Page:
“They just presented their requests as a beginning of their interest. They haven’t submitted the paperwork at all, even though they were supposed to. Only (…) last year they submitted complete paperwork after the government had split the exploitation field in two parts,” said Aškrabić.
Zoran Mićanović, former director of RITE Ugljevik who leads the union, said that the RITE management would obey the wishes of the government as its majority owner, regardless if they’re good or bad for the company.
He said that no one in Ugljevik opposes the investments, but that the government is dealing with Sardarov covertly and without consulting experts. He said the Union will continue fighting until the government reverses course and RITE gets the whole site.
“I don’t think that we have closed this chapter yet. It’s going to be a tug-of-war,” said Mićanović.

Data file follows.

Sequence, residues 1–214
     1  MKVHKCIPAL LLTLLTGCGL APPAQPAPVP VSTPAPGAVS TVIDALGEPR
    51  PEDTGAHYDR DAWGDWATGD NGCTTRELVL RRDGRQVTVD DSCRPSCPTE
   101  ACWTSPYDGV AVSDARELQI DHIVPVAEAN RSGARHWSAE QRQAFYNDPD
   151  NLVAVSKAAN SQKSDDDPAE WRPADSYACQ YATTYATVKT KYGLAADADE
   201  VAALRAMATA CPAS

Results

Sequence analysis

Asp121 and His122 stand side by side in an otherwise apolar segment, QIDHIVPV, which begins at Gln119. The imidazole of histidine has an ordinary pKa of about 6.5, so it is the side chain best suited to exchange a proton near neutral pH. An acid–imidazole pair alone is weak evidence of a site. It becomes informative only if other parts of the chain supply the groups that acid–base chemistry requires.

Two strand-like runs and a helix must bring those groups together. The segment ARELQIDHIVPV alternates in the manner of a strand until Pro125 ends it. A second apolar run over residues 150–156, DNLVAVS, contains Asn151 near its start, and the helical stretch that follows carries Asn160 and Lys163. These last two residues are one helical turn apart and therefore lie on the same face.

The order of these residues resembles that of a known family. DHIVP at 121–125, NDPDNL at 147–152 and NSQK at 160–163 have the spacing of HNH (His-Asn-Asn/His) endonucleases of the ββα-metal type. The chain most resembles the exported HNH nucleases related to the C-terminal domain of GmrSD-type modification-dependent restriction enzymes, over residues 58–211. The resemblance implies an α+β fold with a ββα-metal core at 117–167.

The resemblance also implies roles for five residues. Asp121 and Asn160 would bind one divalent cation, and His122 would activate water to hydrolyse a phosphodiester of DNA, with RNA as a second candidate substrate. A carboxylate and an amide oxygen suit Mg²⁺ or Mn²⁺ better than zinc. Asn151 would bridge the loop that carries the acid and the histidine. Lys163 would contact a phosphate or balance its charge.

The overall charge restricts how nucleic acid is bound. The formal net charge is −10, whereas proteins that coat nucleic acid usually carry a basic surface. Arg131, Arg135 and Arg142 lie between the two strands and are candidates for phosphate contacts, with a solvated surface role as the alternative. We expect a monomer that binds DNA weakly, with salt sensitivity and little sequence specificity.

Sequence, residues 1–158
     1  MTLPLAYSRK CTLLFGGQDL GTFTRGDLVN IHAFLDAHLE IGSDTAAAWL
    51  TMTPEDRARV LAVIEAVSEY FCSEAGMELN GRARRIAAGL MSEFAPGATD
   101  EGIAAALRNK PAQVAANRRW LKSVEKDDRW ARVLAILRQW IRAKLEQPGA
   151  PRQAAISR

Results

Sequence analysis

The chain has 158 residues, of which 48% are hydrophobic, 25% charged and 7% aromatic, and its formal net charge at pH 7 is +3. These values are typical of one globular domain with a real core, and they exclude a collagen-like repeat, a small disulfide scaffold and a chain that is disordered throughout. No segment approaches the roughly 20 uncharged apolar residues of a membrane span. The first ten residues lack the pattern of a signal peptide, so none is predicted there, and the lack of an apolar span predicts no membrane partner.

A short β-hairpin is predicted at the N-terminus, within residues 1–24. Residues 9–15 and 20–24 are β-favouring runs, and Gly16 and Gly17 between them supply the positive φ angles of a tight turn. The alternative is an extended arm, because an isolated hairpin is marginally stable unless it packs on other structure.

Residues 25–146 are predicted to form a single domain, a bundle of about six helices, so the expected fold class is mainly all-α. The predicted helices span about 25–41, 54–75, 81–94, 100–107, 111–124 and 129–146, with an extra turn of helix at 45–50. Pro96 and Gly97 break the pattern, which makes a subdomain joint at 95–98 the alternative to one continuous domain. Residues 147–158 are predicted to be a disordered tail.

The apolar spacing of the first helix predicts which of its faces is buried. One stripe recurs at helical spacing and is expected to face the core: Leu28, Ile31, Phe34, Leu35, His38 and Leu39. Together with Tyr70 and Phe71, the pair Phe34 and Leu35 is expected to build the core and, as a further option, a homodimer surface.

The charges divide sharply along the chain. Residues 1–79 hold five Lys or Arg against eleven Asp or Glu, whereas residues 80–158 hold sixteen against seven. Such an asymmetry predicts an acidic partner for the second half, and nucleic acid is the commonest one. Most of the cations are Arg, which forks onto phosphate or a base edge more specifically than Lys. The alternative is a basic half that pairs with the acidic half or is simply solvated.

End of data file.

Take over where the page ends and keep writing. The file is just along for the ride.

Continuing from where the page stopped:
Plans Without Study
Local authorities in Ugljevik don’t have much information about what the government plans to do with Sardarov, because a year after his letter was accepted, no feasibility study or environmental impact assessment has been done.
“This was all strange to me from the get-go so we said: ‘wait, let’s see what are the state and local community interests,’” said Vasilije Perić, the head of Ugljevik Municipality. In 2012, he commissioned Professor Aleksa Milojević and his Economic Institute from Bijeljina to do a feasibility study of the investment for the municipality.